'Arrogant' Prince Andrew has underestimated the severity of the case

‘Arrogant’ Prince Andrew has underestimated the severity of the case against him and can’t hide for ever, says source close to his sex accuser Virginia Giuffre

  • US source astonished by naivety of Andrew’s tactics and says it could ‘backfire’
  • Queen’s courtiers piling pressure on Prince to change tack and speak publicly
  • Aides close to the Monarch now fear the silence will damage Royal Family itself

An ‘arrogant’ Prince Andrew has woefully underestimated the severity of the case against him, a source close to his sex accuser Virginia Giuffre has revealed.

Accusing the Prince of trying to hide behind a wall of silence, the American source suggested that her legal team had been astonished by the naivety of Andrew’s tactics and warned his evasive approach was certain to backfire.

There is mounting concern at the Palace too, where the Queen’s courtiers are piling pressure on the Prince to change tack and speak out publicly.

Ms Giuffre, whose maiden name was Roberts, also claims that Andrew ‘stonewalled’ communications from her lawyer and rejected a request to explore alternative dispute resolution

The Queen has met with Andrew in the past few days at Balmoral and aides close to the Monarch now fear the silence will damage the Royal Family itself.

Last week, The Mail on Sunday revealed that Andrew was facing renewed sex claims in a New York court. 

The civil lawsuit alleges that Andrew sexually abused Ms Giuffre at the Manhattan home of the late financier Jeffrey Epstein and at other locations in 2001, when she was a 17-year-old minor.

Ms Giuffre, whose maiden name was Roberts, also claims that Andrew ‘stonewalled’ communications from her lawyer and rejected a request to explore alternative dispute resolution.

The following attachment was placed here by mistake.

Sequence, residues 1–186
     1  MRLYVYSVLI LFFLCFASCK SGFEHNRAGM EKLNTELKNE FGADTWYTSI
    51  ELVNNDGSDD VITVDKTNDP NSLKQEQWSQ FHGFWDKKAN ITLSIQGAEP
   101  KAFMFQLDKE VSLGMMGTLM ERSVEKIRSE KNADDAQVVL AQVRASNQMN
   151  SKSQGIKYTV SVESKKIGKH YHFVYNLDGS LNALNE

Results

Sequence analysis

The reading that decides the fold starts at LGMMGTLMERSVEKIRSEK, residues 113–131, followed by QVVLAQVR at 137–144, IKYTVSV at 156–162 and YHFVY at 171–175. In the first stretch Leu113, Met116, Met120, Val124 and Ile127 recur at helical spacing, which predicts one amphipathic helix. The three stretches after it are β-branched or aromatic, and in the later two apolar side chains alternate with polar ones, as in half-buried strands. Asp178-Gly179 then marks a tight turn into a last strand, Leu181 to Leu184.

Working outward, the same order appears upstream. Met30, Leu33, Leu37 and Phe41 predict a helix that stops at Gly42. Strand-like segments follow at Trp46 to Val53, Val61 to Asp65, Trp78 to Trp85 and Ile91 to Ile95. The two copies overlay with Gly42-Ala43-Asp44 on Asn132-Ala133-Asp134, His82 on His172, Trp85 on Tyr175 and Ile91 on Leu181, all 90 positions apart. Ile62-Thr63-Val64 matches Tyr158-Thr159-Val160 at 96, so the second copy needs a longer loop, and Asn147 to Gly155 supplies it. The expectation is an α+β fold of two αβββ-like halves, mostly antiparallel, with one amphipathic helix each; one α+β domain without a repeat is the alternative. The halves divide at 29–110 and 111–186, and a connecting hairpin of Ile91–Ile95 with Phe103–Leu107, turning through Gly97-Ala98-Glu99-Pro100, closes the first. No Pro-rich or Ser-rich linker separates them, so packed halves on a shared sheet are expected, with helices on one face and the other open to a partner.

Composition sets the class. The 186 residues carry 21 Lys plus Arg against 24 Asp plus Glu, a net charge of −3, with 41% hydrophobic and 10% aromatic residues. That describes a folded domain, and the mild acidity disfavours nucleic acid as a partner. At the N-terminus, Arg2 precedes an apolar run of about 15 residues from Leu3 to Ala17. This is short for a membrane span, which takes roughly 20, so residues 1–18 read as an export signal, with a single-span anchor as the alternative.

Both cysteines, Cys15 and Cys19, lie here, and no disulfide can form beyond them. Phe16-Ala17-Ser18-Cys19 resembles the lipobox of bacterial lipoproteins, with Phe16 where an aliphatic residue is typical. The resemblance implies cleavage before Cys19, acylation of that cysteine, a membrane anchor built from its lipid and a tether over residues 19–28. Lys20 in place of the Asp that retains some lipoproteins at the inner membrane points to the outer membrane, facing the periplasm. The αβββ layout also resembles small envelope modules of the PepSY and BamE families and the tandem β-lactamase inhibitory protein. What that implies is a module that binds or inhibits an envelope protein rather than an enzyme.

If Andrew was hoping the allegations would fade – and that he could resume a place in public life – the fresh legal case has placed him back at the centre of controversy.

Now the Palace fears it will be dragged in too, unless the Queen’s second son makes some attempt to diffuse the mounting tension. The Prince has not spoken publicly in the past week, but in an interview with BBC Two’s Newsnight in 2019, he said he could not remember meeting Ms Giuffre and categorically denied that they had sex.

One well-placed palace insider said: ‘There’s a growing sense that his legal team need to say something, even if it is just to acknowledge that they are working on it. The Duke’s legal team is not doing him or the rest of the family any favours by being so taciturn.’

One source said: ‘The Queen met with Andrew and no doubt asked him, “What are your lawyers saying? What’s the advice?” ’

The source said there was ‘bafflement’ about the strategy of Andrew’s legal team, which includes Gary Bloxsome of the firm Blackfords and advice from Blair Berk, a female lawyer who previously represented Hollywood mogul Harvey Weinstein.

So far they have refused even to reiterate Andrew’s previous claim that he has no recollection of meeting Ms Giuffre.

Prince Andrew with Virginia Roberts taken in 2001. Virginia claims that the Prince sexually abused her when she was just 17-years-old

Ms Giuffre claims she was trafficked by Jeffrey Epstein and forced to have sex with The Duke of York when she was a teenager, which the duke categorically denies

One insider said the paranoia within Andrew’s team was such that the lawyers had ‘hunkered down’ and were even ‘blanking’ requests for information from other aides.

The source close to Ms Giuffre’s advisers – headed by heavyweight US litigator David Boies – said of Andrew’s legal team: ‘If I was to give you one word which sums up the attitude from Prince Andrew and his side, it is “arrogance”. No one out-bluffs David Boies.

‘We gave them multiple times to respond, to come to the table to discuss this, and they ignored our letters, ignored our calls.

‘They were given multiple opportunities to get together, to start a discussion and avoid any of this becoming public. There was nothing but a wall of silence.’

A preliminary hearing has been set for September 13 in Manhattan.

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